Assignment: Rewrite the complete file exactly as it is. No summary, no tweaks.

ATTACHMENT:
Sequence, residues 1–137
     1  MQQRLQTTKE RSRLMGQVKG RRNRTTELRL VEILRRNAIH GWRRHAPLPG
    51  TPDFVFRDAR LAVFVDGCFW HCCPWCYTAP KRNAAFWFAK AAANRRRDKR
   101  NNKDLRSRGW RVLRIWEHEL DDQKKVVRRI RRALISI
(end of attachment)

Sequence, residues 1–137
     1  MQQRLQTTKE RSRLMGQVKG RRNRTTELRL VEILRRNAIH GWRRHAPLPG
    51  TPDFVFRDAR LAVFVDGCFW HCCPWCYTAP KRNAAFWFAK AAANRRRDKR
   101  NNKDLRSRGW RVLRIWEHEL DDQKKVVRRI RRALISI